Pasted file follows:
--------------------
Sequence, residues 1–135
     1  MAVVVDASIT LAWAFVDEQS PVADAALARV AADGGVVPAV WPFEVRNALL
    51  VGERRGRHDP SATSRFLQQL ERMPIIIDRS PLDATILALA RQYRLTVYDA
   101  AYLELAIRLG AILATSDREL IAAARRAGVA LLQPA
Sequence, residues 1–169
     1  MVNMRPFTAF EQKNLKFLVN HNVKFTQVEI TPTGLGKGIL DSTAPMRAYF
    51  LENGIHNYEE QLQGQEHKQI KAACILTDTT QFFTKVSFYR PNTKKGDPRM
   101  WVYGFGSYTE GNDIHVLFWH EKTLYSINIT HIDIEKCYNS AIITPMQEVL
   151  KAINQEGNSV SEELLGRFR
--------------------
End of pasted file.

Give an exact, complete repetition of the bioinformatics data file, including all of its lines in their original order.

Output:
Sequence, residues 1–135
     1  MAVVVDASIT LAWAFVDEQS PVADAALARV AADGGVVPAV WPFEVRNALL
    51  VGERRGRHDP SATSRFLQQL ERMPIIIDRS PLDATILALA RQYRLTVYDA
   101  AYLELAIRLG AILATSDREL IAAARRAGVA LLQPA
Sequence, residues 1–169
     1  MVNMRPFTAF EQKNLKFLVN HNVKFTQVEI TPTGLGKGIL DSTAPMRAYF
    51  LENGIHNYEE QLQGQEHKQI KAACILTDTT QFFTKVSFYR PNTKKGDPRM
   101  WVYGFGSYTE GNDIHVLFWH EKTLYSINIT HIDIEKCYNS AIITPMQEVL
   151  KAINQEGNSV SEELLGRFR